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  • Alexis Alvarez

Everything You Need to Know About Wedding Vendor Contracts

How to plan a wedding in chicago by chicago wedding planner
Photo By: Steve Koo Photography

I don't know that there is ever a time in your life that you read & sign more contracts than when you're planning a wedding. Most weddings have an average of about 10 different vendors involved in their day: from venue to transportation & all of these vendors require (or should) a signed agreement to book their services. Here are some of my favorite contract tips that I use everyday for each of my clients vendors.

Before signing

Check the cancellation policy. You should be looking for your liability if you cancel for whatever reason; which is usually inclusive of a non-refundable retainer that is paid at contract signing and a progressive financial loss of your total remaining balance based on how far out you cancel (which is to cover the vendors loss of income in case they are unable to book the date with another client). But something I find too many clients don't look for is the vendor's liability if they cancel. I had a client come to be a couple of months before her wedding last year after her original Coordinator had cancelled and there was no clause in the contract that gave her the right to have her retainer refunded. She was out the money for the retainer & still needed to book the services. Contracts are supposed to protect both parties so make sure that you are protected too.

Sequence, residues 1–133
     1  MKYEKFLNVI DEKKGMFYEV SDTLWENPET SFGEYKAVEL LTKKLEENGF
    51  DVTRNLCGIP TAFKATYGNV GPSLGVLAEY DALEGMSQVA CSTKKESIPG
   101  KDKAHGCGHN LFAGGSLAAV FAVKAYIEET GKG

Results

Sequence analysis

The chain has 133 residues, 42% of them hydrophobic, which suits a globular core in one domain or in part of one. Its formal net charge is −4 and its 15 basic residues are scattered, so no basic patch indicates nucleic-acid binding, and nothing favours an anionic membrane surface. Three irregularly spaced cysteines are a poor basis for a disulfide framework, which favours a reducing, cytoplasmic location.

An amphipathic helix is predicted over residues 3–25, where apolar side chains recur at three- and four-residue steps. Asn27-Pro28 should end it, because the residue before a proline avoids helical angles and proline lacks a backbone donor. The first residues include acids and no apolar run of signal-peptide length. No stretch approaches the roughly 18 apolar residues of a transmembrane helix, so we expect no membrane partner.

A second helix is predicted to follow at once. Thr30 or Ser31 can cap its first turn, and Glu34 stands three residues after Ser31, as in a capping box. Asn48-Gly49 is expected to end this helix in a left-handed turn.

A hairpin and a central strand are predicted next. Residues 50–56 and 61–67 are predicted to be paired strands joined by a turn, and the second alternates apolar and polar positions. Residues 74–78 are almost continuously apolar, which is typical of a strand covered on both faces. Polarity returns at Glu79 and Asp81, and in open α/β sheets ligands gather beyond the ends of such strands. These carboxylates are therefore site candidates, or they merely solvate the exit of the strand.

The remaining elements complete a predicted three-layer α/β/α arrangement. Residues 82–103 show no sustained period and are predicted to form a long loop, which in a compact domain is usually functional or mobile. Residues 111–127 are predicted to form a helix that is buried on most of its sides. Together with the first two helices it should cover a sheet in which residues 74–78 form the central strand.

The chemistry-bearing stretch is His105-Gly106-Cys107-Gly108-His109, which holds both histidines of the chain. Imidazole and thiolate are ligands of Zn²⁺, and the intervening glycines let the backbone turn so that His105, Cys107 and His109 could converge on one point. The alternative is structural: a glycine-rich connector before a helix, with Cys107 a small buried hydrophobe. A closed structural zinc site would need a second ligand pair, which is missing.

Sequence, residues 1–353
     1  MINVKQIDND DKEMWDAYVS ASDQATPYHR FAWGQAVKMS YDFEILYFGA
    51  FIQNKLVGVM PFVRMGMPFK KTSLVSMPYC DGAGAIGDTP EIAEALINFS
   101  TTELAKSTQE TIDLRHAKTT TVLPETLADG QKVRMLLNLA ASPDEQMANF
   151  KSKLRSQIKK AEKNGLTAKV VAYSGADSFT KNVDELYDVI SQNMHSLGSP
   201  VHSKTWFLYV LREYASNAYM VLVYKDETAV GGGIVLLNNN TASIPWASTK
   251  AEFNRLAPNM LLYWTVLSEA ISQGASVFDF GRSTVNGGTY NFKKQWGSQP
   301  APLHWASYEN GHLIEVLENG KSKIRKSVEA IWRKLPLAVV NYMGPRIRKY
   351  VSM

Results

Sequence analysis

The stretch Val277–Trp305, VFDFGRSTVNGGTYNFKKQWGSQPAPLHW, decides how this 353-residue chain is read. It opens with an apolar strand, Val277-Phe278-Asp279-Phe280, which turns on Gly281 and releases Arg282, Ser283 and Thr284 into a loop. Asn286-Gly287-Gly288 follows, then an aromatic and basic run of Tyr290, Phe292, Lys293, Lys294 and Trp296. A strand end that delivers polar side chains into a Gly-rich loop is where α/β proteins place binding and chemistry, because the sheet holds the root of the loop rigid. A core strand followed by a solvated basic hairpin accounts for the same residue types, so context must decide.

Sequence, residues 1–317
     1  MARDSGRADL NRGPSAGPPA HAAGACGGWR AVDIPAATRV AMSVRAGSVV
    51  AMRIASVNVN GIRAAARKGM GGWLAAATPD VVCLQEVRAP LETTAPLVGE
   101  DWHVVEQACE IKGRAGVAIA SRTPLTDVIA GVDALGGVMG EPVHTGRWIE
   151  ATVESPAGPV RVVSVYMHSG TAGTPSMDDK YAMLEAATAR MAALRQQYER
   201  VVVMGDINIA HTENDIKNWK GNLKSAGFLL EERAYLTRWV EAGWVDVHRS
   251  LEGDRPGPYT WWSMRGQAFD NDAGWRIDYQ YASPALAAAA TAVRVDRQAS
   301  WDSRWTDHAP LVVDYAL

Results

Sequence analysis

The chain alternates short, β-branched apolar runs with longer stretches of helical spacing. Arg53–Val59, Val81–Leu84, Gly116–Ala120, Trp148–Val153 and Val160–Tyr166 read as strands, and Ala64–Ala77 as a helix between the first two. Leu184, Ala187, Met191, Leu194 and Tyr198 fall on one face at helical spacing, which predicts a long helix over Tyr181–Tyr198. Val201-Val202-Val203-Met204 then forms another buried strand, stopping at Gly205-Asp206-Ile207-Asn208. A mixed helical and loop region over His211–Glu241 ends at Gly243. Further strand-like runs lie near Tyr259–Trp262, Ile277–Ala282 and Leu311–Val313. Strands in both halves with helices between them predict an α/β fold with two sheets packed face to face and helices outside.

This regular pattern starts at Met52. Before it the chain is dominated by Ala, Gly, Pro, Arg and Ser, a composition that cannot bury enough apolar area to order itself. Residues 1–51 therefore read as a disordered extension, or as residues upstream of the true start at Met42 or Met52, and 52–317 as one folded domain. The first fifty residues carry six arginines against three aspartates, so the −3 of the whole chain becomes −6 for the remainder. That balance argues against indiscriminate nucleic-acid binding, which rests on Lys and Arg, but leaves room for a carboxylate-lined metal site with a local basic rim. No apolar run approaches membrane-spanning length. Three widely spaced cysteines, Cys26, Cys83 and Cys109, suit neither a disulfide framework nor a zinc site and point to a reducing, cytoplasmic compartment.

Look for typos in your booking details. You'd be surprised at how easy it is for your date to get double booked. An industry friend shared a story with me of a client who's venue double booked because of a date typo in the contract. The venue put the date on their calendar after the contract was signed as the date in the contract. One problem- the date in the contract was for the following year, so on the wedding day, when 2 caterers showed up the vendors were all left scrambling trying to fix it without ruining either of the couples wedding day. Double check spellings of names, dates, & location details.